Last week, we started the topic on Polycystic Ovarian Syndrome, discussing some of its causes. This week, we shall continue on the causes and then proceed to symptoms, diagnosis and effect on the body. Causes include:
Inflammation: Women with PCOS often have increased levels of inflammation in their body. Being overweight can also contribute to inflammation. Studies have linked excess inflammation to higher androgen levels.
Hormone imbalance: Many women with PCOS are found to have an imbalance in certain hormones. The exact reason why these hormonal changes occur is not known. It’s been suggested that the problem may start in the ovary itself, in other glands that produce these hormones, or in the part of the brain that controls their production. The changes may also be caused by the resistance to insulin. These changes include:
• Increased levels of testosterone: a hormone often thought of as a male hormone, although all women usually produce small amounts of it.
• Low levels of sex hormone-binding globulin (SHBG): a protein in the blood that binds to testosterone and reduces its effect.
• High levels of luteinizing hormone (LH): this stimulates ovulation, but may have an abnormal effect on the ovaries if levels are too high.
• Increased levels of prolactin: this can be found only in some women with PCOS. Prolactin is a hormone that stimulates the breast glands to produce milk only in pregnancy. High levels in some women may indicate the presence of polycystic ovaries.
Symptoms of PCOS
Symptoms tend to be mild at first. You may have only a few symptoms or a lot of them. The most common symptoms are:
• Weight gain and trouble losing weight.
• Extra hair on the face and body. Often women get thicker and darker facial hair and more hair on the chest, belly, and back.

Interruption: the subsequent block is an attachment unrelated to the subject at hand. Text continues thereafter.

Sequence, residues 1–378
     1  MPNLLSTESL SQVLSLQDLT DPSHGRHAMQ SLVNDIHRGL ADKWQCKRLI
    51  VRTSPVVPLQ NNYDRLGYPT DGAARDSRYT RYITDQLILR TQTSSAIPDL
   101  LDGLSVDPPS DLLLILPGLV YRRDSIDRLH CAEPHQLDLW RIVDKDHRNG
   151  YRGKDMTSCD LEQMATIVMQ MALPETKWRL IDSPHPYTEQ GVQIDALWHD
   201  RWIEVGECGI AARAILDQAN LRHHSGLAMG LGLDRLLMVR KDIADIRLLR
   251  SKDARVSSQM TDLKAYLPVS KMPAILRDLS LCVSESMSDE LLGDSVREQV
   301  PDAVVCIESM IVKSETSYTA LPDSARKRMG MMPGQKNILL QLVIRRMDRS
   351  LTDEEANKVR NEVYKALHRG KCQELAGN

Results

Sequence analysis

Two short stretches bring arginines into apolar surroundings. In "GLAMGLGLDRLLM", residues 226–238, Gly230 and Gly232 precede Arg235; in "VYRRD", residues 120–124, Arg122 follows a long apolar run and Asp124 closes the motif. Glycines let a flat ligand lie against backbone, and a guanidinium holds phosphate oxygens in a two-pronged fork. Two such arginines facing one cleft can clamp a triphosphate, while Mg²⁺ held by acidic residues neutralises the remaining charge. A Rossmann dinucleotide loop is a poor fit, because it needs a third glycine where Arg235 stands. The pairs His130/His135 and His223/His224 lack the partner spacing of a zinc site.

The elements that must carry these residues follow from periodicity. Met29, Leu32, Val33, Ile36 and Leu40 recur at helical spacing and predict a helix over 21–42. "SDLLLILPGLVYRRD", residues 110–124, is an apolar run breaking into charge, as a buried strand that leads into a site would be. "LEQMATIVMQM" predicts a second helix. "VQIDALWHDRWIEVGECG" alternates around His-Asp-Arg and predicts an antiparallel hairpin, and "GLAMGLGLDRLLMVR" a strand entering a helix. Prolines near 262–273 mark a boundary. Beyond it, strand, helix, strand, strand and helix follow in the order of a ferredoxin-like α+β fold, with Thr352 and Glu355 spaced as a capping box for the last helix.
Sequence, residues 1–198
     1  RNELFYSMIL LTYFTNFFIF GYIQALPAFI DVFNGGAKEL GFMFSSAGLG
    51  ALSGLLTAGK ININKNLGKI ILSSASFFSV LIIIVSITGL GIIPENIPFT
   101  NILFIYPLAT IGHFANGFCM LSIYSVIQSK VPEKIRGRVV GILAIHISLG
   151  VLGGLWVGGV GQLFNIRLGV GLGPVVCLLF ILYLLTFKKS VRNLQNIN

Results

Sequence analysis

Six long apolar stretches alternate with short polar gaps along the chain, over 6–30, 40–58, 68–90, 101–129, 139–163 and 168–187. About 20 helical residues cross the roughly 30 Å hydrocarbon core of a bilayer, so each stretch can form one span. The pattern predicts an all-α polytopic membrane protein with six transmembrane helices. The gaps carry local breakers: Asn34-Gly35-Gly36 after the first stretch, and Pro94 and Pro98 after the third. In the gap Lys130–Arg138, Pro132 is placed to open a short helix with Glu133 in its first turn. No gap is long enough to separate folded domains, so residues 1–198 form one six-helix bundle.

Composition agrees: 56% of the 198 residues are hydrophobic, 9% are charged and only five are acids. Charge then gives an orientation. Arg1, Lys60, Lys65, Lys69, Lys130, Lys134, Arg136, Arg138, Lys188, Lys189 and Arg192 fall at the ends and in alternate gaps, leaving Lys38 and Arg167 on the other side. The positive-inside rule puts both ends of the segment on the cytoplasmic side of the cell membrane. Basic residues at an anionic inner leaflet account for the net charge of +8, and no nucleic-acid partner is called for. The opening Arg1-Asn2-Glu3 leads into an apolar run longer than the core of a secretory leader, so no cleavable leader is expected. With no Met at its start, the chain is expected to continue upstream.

• Thinning hair on the scalp.
• Darkening of skin, particularly along neck creases, in the groin, and underneath breasts.
• Skin tags, which are small excess flaps of skin in the armpits or neck area.
• Irregular periods. Often women with PCOS have fewer than nine periods a year. Some women have no periods. Others have very heavy bleeding.
• Many women who have PCOS have trouble getting pregnant (infertility).
What Are The Effects Of PCOS On The Body?
Having higher-than-normal androgen levels can affect fertility and other aspect of health
Infertility: To get pregnant, you have to ovulate. Women who don’t ovulate regularly don’t release as many eggs to be fertilized. PCOS is one of the leading causes of infertility in women.
Metabolic syndrome: Up to 80 percent of women with PCOS are overweight or obese. Both obesity and PCOS increase your risk for high blood sugar, high blood pressure, low HDL (“good”) cholesterol, and high LDL (“bad”) cholesterol. Together, these factors are called metabolic syndrome, and they increase the risk for heart disease, diabetes, and stroke.
Sleep Apnea: This condition causes repeated pauses in breathing during the night, which interrupt sleep. It is more common in women who are overweight especially if they also have PCOS. The risk for sleep apnea is 5 to 10 times higher in obese women with PCOS than in those without.
Endometrial cancer: During ovulation, the uterine lining sheds. If you don’t ovulate every month, the lining can build up. A thickened uterine lining can increase your risk for endometrial cancer.
Depression: Both hormonal changes and symptoms like unwanted hair growth can negatively affect emotions. Many people with PCOS end up experiencing depression and anxiety.
How is PCOS diagnosed?
PCOS in women is typically diagnosed when symptoms like high androgen levels, irregular menstrual cycles and cysts in the ovaries are observed. To further diagnose PCOS and rule out other causes of your symptoms, the doctor may review your medical history and also conduct a physical examination.
• Physical exam: Blood pressure, body mass index (BMI), and waist size will be measured. The doctor may examine your skin for extra hair on your face, chest or back, acne, skin discoloration, hair loss or signs of other health conditions (such as an enlarged thyroid gland).
• Pelvic exam: A pelvic examination will be used to check for signs of extra male hormones (for example, an enlarged clitoris) and check to see if your ovaries are enlarged or swollen.
• Pelvic ultrasound (sonogram). This test uses sound waves to examine your ovaries for cysts and check the endometrium (lining of the uterus or womb).
• Blood tests. Blood tests check your androgen hormone levels, sometimes called the male hormones. Other hormones related to other common health problems that can be mistaken for PCOS, such as thyroid disease will be evaluated. Your doctor may also test your cholesterol levels and test you for diabetes…………………………………………..TO BE CONTINUED